A common reaction heard or read yesterday was to describe the behaviour as ‘boorish‘. No disagreement, there. Many people view politicians as part of the privileged set of Jamaica. Given that the discussion underway yesterday was about the cost of the PM’s travel, it did not slip past many that the cost of politicians is not seen as public money well spent.
The substance of yesterday’s discussion? We got to hear the total cost of the PM’s travel and that of her Cabinet members and Minsters of State. (I have not seen the report that was tabled, and strangely only three copies made available to the House. But, it seems that J$118 millions for Cabinet and junior ministers’ trips , plus J$16 millions paid by the Office of the PM for her 25 trips, and J$25 millions for her staff.) We also learned something about what was accomplished by each trip. The PM got angry during the process of cross-questioning, and couldn’t avoid a few snide asides about the Opposition. Par for the course. Boring, to some extent. Unleaderlike, I’d also say. But, again, these are politicians at work, work, work. Blood was extracted from a stone. Teeth were pulled.
The PM seemed to have a hard time understanding that a large part of the populace wanted to know about her travel as part of the good governance of the country. Of course, most understand the important ambassadorial role the PM and other politicians play. But, it’s normal for the population to feel they are getting value for money from those elected to represent them. Often, politicians forget why they are in Parliament and performing their jobs in government. Their junkets need to be set in the context of what the people expect and need.
Mrs. Simpson-Miller has often bristled when asked about these trips, choosing to see ‘criticism’ of her travel, rather than a reasonable request that her people be better informed about the workings of government.
But, the whole matter could be simplified and need never raise any personal hackles. It’s not the norm in Jamaica for politicians to report to the nation on their overseas trips. It’s common practice in most organisations, worldwide. Not least, it leaves a clear record of how the stated purpose of the visits are matched by outcomes. It’s good management practice. Jamaican politicians are often telling us how we need to move forward and improve how the country operates. Yet..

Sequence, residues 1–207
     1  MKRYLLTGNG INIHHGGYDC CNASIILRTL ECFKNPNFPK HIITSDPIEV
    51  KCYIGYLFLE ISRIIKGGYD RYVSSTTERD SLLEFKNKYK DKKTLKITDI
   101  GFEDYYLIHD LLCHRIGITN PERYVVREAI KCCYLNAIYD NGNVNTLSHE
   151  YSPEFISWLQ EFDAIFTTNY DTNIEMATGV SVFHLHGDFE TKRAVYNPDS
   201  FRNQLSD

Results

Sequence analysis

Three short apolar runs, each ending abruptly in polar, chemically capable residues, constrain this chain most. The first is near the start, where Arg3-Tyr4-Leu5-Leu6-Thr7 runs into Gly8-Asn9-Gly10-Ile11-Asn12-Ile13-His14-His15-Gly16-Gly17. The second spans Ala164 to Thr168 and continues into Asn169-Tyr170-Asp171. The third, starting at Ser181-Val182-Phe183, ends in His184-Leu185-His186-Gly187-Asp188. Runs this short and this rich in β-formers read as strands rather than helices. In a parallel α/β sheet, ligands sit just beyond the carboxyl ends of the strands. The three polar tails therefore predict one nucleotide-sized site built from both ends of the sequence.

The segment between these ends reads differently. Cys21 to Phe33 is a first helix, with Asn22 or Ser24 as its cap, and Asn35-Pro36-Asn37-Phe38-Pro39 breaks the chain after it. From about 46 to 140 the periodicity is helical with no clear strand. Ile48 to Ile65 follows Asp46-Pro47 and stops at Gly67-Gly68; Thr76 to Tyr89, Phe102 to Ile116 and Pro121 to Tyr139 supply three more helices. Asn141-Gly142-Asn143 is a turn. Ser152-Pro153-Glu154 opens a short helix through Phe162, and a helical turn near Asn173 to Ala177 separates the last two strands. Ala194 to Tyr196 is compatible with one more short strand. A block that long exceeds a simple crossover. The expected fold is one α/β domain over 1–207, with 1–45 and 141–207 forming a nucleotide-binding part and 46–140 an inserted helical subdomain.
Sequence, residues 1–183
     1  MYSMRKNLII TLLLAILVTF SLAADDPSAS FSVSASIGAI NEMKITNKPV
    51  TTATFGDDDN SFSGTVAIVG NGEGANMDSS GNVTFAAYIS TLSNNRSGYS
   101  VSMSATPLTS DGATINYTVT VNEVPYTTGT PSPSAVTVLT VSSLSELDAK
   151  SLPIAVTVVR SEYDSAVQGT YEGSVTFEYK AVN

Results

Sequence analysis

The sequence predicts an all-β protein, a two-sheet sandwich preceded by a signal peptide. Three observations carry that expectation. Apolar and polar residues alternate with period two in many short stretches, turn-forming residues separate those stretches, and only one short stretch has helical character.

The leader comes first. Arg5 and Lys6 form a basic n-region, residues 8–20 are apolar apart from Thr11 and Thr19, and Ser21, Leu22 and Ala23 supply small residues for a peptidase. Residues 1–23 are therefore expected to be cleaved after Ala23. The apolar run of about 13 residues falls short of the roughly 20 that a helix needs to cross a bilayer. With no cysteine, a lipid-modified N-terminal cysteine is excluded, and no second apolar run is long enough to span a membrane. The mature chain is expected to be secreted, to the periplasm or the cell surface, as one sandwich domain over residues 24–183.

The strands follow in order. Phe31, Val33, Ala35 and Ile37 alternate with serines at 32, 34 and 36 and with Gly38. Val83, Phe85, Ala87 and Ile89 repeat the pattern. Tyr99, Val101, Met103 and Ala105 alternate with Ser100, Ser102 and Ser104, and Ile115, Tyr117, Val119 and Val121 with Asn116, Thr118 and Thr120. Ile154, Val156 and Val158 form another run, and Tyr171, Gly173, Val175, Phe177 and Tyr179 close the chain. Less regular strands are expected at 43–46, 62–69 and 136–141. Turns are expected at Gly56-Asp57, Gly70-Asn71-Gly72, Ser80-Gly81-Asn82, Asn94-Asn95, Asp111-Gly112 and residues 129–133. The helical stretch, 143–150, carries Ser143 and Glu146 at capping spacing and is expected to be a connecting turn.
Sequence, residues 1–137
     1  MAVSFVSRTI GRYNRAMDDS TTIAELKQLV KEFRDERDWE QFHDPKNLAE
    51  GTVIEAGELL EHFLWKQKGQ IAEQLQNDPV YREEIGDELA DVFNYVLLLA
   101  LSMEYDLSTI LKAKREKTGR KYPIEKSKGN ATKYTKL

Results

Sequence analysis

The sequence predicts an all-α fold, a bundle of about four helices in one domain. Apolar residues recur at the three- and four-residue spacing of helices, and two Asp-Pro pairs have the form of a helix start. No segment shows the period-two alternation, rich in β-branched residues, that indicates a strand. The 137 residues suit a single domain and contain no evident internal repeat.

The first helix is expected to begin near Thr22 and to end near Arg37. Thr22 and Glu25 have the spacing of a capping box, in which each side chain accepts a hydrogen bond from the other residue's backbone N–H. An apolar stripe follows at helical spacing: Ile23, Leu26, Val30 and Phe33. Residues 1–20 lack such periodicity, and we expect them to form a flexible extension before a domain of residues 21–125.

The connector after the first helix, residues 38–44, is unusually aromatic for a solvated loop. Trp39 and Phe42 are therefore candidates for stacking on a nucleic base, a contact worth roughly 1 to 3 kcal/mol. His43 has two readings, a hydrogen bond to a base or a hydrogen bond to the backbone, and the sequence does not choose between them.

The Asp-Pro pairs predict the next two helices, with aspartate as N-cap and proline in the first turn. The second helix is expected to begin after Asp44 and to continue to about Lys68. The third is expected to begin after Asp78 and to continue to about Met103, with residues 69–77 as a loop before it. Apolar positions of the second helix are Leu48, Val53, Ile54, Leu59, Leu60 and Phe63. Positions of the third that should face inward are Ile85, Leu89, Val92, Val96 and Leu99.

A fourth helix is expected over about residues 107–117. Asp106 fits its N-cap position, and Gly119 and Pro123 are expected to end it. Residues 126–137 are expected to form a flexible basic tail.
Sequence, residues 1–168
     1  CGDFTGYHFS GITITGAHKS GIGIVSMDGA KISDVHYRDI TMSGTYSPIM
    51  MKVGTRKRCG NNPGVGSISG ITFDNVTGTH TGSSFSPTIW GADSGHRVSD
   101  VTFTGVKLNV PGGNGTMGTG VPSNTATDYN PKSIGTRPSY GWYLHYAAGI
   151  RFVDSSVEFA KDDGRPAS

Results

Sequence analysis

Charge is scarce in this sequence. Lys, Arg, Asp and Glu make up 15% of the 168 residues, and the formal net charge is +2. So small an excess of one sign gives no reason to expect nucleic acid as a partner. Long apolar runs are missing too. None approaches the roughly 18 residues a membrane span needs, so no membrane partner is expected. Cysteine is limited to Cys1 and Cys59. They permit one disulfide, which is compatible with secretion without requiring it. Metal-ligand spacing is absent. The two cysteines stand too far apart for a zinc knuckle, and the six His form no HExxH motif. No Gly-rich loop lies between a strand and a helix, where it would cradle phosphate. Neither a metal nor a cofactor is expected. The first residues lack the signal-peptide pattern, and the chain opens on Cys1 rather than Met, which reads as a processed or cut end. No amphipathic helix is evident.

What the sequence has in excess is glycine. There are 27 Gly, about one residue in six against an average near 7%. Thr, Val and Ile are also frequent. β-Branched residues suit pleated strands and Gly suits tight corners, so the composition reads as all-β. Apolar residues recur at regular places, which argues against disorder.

The cynic in me could say that Jamaica’s politicians have not displayed a very good regard for good management. Nevertheless, we should keep pushing them towards being better than they are. Just make it a matter of routine that reporting on the trips is done. It could be in bland form with a short written report. It could be an oral presentation. It should be set in a very tight timeframe (say, within 7 days of the trip ending): that may be hard when trips are close to each other, but it means being more efficient. Government ministers have a civil service backing them and it’s very easy to set up good systems. Lots of examples exist internationally. Now, that the reporting has been done to Parliament, we should not break the mould and have this happen as a special exercise, but instead be part of government business.